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TF student takes concerns to Helena

Callie McGillis helps make a difference for other students battling dyslexia


February 7, 2019

Shana Neesvig

HOPING FOR A CHANGE - Callie McGillis (pictured with her younger sister Kelci) went to Helena asking for legislative support of SB 140, a bill requiring state educational institutions to establish dyslexia identification, screening and intervention. When she grows up, Callie wants to become a teacher who specializes in instructing dyslexic children.

For more than five years, Thompson Falls resident Maggie McGillis and her sixth-grade daughter Callie, have been praying for their dream to come true. With some newly gained momentum, it just might be in their favor.

Callie took her concerns to the Thompson Falls School Board on Monday, and on Wednesday she joined 100 other Montana families in Helena to speak to the legislature about supporting Senate Bill (SB) 140. Passing of this bill would require the Office of Public Instruction (OPI) to guide all public educational institutions in identifying and providing dyslexia screening, intervention techniques and trained assistance for specialized teaching of dyslexic children, collectively giving these students a greater chance of succeeding in the classroom and socially.

Currently, public schools are not mandated to provide dyslexia identification or screening practices, have staff trained in dyslexia education, nor address the needs of students identified with dyslexia, according to Maggie.

Dyslexia is defined as "a general term for disorders that involve difficulty in learning to read or interpret words, letters, and other symbols, but that do not affect general intelligence." Maggie shared that it is one of the most common learning disabilities and it is estimated that one in five people have dyslexia.

"A child who is blind, you cannot say, 'you have to see,' or a child in a wheelchair, you cannot make them run in P.E. class," Maggie said, pleading her case that dyslexic children such as her daughter simply cannot be expected to read and understand class material in a conventional way.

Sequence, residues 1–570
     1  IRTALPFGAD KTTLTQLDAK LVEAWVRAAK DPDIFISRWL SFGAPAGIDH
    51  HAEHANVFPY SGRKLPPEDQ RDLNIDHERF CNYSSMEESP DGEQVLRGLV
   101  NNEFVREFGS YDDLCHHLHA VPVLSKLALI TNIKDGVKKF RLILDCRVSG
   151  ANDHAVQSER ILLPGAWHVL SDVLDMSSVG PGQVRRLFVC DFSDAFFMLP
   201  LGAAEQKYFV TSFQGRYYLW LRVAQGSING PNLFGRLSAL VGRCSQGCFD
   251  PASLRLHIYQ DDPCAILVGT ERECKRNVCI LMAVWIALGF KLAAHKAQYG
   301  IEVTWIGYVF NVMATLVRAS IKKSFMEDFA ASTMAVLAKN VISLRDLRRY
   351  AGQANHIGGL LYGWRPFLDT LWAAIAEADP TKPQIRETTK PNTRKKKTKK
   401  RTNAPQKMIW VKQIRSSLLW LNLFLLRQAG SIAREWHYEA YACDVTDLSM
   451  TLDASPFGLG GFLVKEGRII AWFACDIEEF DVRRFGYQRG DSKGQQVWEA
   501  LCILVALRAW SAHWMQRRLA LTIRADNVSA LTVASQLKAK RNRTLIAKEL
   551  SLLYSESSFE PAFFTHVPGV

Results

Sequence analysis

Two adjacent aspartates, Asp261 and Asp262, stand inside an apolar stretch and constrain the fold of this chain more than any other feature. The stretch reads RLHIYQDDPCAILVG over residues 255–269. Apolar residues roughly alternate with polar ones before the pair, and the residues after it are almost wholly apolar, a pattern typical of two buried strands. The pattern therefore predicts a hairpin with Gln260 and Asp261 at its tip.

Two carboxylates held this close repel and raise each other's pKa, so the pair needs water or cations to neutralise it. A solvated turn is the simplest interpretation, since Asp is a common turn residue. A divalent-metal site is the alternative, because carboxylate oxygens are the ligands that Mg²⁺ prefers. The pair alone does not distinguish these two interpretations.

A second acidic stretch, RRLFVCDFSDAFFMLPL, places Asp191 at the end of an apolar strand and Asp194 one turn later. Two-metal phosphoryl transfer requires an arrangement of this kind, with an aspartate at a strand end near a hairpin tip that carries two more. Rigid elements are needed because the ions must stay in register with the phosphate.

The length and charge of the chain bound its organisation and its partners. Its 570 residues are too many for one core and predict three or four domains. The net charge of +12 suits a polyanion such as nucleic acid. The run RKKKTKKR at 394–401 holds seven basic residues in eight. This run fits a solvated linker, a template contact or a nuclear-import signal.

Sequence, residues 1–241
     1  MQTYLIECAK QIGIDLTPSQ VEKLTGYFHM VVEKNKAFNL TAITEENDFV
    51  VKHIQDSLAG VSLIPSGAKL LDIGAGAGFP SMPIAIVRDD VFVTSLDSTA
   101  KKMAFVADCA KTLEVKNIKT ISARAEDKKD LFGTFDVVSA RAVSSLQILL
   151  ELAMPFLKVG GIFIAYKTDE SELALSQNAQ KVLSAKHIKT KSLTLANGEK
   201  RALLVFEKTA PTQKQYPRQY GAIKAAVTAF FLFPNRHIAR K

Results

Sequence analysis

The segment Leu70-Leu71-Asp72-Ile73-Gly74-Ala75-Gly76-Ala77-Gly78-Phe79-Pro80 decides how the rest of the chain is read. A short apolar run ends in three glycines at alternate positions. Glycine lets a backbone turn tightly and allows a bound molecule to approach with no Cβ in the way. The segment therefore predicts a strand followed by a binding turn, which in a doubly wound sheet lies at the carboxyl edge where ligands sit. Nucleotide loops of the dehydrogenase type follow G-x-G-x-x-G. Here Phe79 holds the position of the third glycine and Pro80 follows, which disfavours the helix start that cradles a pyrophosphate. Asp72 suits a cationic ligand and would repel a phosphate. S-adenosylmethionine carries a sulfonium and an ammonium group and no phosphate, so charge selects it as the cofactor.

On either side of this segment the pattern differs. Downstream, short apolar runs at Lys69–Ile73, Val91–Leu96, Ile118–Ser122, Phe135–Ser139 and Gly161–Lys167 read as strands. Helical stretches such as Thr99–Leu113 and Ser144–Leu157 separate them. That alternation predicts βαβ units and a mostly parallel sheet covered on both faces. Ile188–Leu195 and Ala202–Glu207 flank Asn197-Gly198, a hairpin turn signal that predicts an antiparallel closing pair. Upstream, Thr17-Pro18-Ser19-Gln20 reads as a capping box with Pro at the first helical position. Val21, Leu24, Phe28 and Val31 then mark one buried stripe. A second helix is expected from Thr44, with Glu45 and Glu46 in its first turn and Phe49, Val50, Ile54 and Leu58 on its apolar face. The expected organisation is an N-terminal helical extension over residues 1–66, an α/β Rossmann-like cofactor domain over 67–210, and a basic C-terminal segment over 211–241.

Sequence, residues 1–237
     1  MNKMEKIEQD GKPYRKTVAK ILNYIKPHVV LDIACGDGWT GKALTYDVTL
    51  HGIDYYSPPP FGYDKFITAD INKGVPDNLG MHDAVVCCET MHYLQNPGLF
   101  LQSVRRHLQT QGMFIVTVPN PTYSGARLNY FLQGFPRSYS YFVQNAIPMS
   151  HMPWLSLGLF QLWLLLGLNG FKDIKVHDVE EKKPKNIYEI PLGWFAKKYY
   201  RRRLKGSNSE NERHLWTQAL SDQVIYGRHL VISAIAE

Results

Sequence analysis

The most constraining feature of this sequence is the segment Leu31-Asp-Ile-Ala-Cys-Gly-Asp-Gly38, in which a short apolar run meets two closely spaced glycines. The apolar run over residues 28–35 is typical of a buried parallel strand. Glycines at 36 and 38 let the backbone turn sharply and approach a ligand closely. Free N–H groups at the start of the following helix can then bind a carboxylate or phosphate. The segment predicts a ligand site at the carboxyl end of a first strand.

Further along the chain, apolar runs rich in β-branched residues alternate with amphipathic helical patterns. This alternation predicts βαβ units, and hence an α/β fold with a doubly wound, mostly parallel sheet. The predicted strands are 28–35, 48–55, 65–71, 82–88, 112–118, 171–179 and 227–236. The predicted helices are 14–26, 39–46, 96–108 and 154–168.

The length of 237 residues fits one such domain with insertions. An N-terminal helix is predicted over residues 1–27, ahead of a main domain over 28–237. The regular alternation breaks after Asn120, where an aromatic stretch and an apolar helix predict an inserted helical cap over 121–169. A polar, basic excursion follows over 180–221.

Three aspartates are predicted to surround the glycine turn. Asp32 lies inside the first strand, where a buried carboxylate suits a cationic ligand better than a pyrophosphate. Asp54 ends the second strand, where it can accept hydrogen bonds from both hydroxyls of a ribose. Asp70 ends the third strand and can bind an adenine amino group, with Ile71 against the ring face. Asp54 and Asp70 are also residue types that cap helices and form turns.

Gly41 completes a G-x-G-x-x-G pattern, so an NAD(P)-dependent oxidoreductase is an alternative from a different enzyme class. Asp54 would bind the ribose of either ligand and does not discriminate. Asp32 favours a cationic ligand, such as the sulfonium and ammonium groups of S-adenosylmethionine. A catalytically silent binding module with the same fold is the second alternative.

It was clear to Maggie that something was amiss with Callie quite early on in her life. By kindergarten, she was falling behind academically, and her social health seemed compromised. Maggie reassured it was not due to the lack of effort from Callie, herself or her husband. Maggie said they would read at home constantly and Callie would try so hard, but the frustration was too much.

When these problems were recognized in kindergarten, Callie was prescribed attention deficit/hyperactivity disorder (ADHD) medication to increase focus and change undesired behaviors. Still, "I wasn't reading as well as the other kids," Callie shared. "I struggled in every subject and I just didn't get it like all the other kids did." The medication was not helping. In fact, Maggie reported that when Callie was taking the medicine, she would just fall asleep during school. "This just wasn't going to do it!" Maggie said. "It was like nobody wanted to help at all."

Things changed in first grade, when Callie's teacher Mandy Buckingham (a former Thompson Falls teacher who the McGillis' say was, and continues to be, their saving grace) became a huge advocate in figuring out what was going on with Callie. Buckingham refused to believe that she had behavior or focus problems, shared Maggie. She relentlessly performed preliminary testing and suggested Callie be screened for dyslexia, as the McGillis' suspected to be the problem. It was no surprise to the McGillis family when the test, implemented in Missoula, came back positive for dyslexia because Callie's father, Shawn, is also dyslexic.